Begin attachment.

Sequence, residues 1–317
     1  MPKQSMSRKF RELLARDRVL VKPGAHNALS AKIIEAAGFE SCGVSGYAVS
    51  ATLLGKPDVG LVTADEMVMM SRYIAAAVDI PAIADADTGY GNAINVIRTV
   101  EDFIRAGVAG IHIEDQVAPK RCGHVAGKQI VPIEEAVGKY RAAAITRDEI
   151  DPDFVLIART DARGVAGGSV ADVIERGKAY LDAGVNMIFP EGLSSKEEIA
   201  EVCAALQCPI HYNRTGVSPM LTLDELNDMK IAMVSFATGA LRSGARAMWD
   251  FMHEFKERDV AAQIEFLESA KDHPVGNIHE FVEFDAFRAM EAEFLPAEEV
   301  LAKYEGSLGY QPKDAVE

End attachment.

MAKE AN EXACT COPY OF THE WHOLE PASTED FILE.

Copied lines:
Sequence, residues 1–317
     1  MPKQSMSRKF RELLARDRVL VKPGAHNALS AKIIEAAGFE SCGVSGYAVS
    51  ATLLGKPDVG LVTADEMVMM SRYIAAAVDI PAIADADTGY GNAINVIRTV
   101  EDFIRAGVAG IHIEDQVAPK RCGHVAGKQI VPIEEAVGKY RAAAITRDEI
   151  DPDFVLIART DARGVAGGSV ADVIERGKAY LDAGVNMIFP EGLSSKEEIA
   201  EVCAALQCPI HYNRTGVSPM LTLDELNDMK IAMVSFATGA LRSGARAMWD
   251  FMHEFKERDV AAQIEFLESA KDHPVGNIHE FVEFDAFRAM EAEFLPAEEV
   301  LAKYEGSLGY QPKDAVE